Specialty Drug Cost Exceeds Median Family Income

The average annual cost of a specialty medication used on a chronic basis exceeded $53,000 in 2013.

Retail prices for more than 100 widely used specialty prescription drugs increased nearly 11 percent in 2013, surpassing the median income of an American family, according to a new AARP Public Policy Institute (PPI) report.

The average annual cost of a specialty medication used on a chronic basis exceeded $53,000 in 2013. This cost was greater than the median U.S. household income of $52,250, more than twice the median income of $23,500 for people on Medicare, and almost three-and-a-half times higher than the average Social Security retirement benefit of $15,526 over the same time period.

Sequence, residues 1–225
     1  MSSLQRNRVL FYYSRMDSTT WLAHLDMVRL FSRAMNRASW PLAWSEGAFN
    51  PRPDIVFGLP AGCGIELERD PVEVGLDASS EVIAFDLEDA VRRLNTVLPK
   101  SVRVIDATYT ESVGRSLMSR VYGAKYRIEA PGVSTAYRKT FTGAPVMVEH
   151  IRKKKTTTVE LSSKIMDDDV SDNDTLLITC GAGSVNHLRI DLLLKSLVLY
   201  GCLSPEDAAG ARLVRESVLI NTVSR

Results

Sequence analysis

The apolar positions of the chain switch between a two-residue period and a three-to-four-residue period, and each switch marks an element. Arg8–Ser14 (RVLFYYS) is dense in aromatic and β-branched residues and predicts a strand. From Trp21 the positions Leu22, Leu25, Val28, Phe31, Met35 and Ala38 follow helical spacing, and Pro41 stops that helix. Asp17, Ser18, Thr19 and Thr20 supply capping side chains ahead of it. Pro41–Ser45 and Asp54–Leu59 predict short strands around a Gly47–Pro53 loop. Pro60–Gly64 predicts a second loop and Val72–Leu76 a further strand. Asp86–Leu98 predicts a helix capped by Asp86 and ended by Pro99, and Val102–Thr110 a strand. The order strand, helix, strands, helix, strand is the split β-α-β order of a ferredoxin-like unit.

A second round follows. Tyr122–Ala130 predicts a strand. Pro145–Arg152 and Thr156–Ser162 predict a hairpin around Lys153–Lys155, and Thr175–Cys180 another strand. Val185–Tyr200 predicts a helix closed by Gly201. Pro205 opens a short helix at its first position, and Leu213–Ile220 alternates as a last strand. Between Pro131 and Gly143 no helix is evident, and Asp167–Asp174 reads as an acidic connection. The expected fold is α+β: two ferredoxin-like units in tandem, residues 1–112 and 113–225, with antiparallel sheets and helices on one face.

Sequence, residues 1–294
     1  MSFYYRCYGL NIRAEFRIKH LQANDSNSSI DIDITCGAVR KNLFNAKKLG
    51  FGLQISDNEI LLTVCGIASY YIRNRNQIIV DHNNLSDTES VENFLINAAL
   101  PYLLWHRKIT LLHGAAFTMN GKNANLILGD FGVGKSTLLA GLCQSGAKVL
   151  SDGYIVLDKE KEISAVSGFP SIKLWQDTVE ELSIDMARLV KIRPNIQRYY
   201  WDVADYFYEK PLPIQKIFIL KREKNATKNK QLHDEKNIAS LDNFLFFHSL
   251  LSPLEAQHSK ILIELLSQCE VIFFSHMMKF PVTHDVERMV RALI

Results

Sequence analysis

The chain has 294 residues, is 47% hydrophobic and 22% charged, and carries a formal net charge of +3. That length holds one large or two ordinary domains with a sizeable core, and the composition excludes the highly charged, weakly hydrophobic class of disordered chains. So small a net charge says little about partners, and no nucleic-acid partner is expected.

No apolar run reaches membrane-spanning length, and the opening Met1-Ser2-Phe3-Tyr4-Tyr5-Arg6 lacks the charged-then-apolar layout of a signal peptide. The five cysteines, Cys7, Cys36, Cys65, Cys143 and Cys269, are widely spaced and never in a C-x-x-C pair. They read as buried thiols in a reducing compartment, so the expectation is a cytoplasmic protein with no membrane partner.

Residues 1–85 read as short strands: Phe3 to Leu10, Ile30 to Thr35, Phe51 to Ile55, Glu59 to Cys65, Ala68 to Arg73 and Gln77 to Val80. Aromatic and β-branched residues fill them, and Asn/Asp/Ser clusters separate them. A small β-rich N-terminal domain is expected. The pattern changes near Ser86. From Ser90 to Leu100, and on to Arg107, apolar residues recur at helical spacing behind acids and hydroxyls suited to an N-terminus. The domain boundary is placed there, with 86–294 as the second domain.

The study also found that in 2013, the average annual cost for specialty prescription drugs was 18 times higher than the cost of brand name prescription drugs and 189 times higher than the cost of generic prescription drugs.

“Specialty drugs are among the most expensive on the market, and are expected to be the fastest growing group of drugs over the next decade,” said Debra Whitman, PhD, AARP’s Chief Public Policy Officer. “These exorbitant prices and price increases can be financially disastrous, especially for people on fixed incomes. Americans cannot continue to absorb the astronomical costs associated with these products indefinitely.”

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